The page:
Since workers tend to be segmented into non-competing groups, it is useful to examine the impact of immigrants on young and minority workers who compete most directly with them. In a careful assessment of these effects, three Northeastern University labor market researchers permit an assessment of these effects: these analysts found that immigrants who arrived in the United States between 2000 and 2005 (over half56%of whom were unauthorized) accounted for an unprecedented 86% of the net increase in the number of employed persons, displaced native-born workers, and weakened the structure of labor markets.4 The impact was particularly large for young native-born males (16 to 34), whose employment fell by 1.7 million between 2000 and 2005, while the number of young immigrant males increased by 1.9 million. The negative impact was greater for young blacks and Hispanics. These researchers also found that the employment of immigrants was accompanied by a shift in the structure of private labor markets toward more informal employment not covered by unemployment insurance, health benefits, and worker protections.5
The argument that immigration strengthens the competitiveness of the American economy depends on how competitiveness is defined. What many economists mean is that lower wages improve competitiveness because they reduce the price of American products. But, while this is an easy option for employers, wage competition is a losing strategy for workers, communities, and nations: there are always countries with lower wages. For example, the United States is losing jobs to Mexico, which, in turn, is losing jobs to China and other countries where wages are much lower than Mexico's. Moreover, in a high-wage country, wage competition implies lower and more unequal wages, which is exactly what has been happening in the United States since the 1970s. There can be little doubt that growing inequality will weaken democratic institutions, economic performance, and national unity.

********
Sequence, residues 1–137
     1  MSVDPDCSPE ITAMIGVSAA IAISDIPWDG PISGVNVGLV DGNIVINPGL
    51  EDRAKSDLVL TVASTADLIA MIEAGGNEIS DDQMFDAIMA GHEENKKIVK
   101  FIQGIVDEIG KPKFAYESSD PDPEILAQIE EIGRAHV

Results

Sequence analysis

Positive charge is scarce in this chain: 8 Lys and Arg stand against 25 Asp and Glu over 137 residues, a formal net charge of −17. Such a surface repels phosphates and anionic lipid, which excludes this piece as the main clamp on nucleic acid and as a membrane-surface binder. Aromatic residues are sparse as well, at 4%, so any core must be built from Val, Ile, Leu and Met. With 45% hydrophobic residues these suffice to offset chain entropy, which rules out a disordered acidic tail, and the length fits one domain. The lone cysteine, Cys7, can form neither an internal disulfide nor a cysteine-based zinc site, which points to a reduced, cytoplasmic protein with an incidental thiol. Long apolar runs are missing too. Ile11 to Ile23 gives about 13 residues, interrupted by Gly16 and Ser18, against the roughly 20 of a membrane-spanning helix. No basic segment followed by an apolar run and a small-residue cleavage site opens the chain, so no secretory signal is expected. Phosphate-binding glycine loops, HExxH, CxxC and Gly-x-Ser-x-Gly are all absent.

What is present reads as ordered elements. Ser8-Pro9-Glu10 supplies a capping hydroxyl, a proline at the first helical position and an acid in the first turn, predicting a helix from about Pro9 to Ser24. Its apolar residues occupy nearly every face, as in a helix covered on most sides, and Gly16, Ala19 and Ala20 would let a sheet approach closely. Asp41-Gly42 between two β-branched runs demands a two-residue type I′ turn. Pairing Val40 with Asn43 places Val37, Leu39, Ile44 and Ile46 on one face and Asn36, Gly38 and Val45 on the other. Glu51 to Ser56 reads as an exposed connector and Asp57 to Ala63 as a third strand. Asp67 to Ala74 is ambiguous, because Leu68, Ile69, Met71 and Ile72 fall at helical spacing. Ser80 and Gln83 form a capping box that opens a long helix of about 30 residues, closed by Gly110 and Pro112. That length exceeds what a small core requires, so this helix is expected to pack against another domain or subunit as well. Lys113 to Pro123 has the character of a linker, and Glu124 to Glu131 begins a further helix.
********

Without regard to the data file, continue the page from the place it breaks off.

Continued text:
It is true, of course, that in a competitive global economy, earnings for similar workers tend to converge. The policy issue, however, is whether convergence takes the form of more rapidly rising wages in developing countries, which would be better for people everywhere, or lower wages in high-wage countries, which will increase inequality and reduce wages for many workers, as well as aggravate national and international tensions.